Really excited about this. I am teaching a 3-credit course this fall on sustainable food systems planning for the first time. Topics will include food production, processing, distribution, consumption, waste, community development, food justice, food access, equity, education, children, farmland preservation, local farmers and farm workers, food activism, and food regulations. Presentations will be done by a number of guest speakers, representing Norris Square Neighborhood Project, SHARE Food Program, Garden Justice Legal Initiative, Hatboro-Horsham School District, Farm to City, and Delaware Valley Regional Planning Commission. Besides, three interesting field trips to Pennypack Farm, Philadelphia Urban Creators, and Weavers Way will be part of the course. Students are required to do service learning activities with any food systems related organization. I am still thinking about the final project. Most probably students will design a community garden or urban farm for a school or nonprofit organization around Temple University main campus. Students will also do research on regulatory practices related to urban agriculture in major US cities. This is a cross-listed course with one PhD student, three masters level students, and 12 undergraduate students.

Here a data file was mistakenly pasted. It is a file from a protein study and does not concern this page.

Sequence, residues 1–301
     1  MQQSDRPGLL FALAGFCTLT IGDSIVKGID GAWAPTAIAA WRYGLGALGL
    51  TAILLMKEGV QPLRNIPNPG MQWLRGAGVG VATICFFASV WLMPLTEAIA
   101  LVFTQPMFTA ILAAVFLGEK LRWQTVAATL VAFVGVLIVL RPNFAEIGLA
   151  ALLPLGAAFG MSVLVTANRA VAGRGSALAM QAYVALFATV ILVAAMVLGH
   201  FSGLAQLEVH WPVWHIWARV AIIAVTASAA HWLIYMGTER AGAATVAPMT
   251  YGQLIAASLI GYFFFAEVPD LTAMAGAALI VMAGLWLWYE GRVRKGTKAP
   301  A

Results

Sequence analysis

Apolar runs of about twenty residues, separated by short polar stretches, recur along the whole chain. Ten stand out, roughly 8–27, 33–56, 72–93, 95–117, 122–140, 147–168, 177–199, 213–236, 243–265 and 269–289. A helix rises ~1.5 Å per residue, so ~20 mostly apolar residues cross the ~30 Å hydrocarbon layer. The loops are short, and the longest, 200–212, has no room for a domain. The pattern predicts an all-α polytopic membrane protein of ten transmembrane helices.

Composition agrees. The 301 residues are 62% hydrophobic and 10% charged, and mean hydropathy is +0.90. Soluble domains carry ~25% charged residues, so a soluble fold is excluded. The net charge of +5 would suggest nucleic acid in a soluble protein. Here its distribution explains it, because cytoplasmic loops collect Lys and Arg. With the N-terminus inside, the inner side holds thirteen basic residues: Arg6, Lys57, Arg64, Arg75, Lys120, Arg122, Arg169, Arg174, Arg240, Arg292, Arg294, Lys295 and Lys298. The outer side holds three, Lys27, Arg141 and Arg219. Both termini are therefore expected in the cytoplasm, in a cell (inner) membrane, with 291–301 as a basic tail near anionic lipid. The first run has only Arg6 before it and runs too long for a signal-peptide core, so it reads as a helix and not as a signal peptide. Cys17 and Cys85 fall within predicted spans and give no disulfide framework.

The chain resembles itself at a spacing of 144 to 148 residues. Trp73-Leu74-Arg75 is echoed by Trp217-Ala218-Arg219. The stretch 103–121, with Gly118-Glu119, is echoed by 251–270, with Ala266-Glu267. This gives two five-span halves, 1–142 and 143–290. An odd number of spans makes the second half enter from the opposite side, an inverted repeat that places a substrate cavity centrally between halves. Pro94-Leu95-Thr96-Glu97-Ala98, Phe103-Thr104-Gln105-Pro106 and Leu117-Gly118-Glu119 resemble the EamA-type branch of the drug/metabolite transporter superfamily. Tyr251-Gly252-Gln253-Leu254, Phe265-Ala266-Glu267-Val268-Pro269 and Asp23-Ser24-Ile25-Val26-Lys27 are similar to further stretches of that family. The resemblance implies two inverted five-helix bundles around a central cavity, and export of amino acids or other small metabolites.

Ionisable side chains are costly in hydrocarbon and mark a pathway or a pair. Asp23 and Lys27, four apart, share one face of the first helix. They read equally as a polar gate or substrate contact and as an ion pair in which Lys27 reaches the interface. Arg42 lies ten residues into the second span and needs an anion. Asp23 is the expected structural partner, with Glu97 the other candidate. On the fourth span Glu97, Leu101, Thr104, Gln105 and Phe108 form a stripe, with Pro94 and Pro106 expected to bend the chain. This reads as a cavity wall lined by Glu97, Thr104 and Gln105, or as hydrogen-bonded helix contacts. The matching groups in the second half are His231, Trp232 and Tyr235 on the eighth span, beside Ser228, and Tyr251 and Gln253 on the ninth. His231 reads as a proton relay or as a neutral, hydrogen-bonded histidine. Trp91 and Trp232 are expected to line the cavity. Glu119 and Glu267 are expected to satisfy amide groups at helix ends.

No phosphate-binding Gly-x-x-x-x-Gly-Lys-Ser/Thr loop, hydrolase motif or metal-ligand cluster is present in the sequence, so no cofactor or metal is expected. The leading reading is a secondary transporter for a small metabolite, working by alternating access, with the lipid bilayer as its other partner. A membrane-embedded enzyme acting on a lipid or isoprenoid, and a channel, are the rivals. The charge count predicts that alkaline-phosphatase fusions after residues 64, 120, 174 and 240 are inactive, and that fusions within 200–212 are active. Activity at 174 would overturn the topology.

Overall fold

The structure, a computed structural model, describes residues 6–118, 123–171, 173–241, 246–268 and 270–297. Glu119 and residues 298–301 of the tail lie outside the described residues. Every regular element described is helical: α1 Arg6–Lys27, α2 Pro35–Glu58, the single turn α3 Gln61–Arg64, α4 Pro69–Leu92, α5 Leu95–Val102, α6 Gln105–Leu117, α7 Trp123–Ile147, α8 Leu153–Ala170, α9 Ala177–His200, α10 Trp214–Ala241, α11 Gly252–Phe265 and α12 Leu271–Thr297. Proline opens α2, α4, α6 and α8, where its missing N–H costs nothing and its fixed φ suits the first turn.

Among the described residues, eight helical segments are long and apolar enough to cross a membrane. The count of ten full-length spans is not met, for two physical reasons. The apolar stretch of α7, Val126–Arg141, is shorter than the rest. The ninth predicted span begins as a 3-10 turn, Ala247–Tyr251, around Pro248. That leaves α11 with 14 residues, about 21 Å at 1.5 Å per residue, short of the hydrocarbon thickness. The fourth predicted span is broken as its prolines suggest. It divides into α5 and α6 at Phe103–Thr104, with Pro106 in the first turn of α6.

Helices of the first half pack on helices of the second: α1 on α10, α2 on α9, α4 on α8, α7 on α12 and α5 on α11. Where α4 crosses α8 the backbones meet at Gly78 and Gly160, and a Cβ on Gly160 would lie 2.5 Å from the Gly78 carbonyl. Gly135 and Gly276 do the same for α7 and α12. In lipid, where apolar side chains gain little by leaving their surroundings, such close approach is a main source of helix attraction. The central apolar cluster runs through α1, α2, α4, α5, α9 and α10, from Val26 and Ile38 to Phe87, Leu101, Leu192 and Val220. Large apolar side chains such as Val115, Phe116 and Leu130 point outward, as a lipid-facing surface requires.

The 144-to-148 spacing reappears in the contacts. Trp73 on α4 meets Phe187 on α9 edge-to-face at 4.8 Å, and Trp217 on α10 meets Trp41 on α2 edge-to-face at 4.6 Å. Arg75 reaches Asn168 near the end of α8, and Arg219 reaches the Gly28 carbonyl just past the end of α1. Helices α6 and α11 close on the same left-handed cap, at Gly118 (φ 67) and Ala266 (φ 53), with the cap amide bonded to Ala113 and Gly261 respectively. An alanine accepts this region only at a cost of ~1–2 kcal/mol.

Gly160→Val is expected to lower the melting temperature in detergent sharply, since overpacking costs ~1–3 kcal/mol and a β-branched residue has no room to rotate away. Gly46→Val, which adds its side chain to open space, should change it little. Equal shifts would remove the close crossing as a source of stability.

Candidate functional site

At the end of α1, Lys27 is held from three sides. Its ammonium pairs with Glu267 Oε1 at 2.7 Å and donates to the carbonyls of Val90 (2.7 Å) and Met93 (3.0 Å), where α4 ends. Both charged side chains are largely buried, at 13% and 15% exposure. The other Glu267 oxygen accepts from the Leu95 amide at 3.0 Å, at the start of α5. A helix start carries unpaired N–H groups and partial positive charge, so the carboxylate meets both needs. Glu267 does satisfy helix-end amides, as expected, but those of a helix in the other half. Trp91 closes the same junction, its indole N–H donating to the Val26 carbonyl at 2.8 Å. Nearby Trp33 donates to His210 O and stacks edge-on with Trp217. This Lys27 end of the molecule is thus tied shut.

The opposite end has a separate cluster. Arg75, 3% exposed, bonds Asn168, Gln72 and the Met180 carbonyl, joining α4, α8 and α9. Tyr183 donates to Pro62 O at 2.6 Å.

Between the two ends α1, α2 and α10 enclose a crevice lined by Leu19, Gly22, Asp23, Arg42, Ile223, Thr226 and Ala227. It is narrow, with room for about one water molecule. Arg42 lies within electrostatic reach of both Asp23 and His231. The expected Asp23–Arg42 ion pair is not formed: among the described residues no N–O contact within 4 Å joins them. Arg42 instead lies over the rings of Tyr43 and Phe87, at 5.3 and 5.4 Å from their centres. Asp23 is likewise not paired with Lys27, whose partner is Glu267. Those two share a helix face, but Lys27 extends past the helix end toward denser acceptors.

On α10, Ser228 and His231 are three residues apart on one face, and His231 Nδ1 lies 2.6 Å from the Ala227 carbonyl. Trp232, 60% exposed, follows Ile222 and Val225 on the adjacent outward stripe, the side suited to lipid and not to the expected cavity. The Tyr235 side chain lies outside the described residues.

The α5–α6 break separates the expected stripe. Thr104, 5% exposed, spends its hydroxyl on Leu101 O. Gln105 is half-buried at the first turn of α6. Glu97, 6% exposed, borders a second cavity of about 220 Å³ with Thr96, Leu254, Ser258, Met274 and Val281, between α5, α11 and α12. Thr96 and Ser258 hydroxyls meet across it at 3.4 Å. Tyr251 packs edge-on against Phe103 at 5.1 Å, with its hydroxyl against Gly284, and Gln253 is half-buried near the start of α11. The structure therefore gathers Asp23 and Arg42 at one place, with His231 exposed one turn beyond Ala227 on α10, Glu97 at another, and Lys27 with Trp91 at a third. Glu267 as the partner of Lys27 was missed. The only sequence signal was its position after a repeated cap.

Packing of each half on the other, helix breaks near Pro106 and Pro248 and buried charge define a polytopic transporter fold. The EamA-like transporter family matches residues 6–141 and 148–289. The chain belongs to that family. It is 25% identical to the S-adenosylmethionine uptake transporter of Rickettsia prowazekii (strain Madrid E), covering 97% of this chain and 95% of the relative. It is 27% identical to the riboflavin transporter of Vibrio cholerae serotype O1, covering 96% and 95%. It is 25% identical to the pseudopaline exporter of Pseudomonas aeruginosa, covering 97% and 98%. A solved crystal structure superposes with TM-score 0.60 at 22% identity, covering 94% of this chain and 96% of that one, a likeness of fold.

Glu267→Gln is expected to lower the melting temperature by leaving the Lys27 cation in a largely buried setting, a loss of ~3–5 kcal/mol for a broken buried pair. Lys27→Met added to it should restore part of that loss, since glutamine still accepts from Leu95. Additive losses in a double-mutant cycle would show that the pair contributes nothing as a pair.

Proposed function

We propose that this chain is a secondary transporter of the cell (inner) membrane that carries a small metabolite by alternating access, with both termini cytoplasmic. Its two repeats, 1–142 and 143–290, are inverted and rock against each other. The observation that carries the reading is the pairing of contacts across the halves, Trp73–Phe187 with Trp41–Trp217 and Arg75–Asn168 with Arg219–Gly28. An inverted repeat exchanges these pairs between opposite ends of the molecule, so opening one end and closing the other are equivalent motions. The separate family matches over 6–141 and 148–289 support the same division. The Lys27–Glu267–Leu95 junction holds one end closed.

Presenting a paper at the opening session and chairing another session at the 5th Annual International Conference on Urban Studies & Planning in Athens, Greece, have been a rewarding experience. Scholars and practitioners, including architects and urban planners, represented about 25 countries from six continents. My paper was titled “Placemaking via Community Design: Planning for Green Stormwater Infrastructure”, and was based on a research project funded by the US EPA. I presented a framework for developing a Green Stormwater Infrastructure (GSI) plan through a participatory Geodesign process, and then applying the framework in two urban Philadelphia watersheds. Specifically, I discussed the process of using community design methods to develop conceptual site plans, combining GSI and recreational and community-building assets.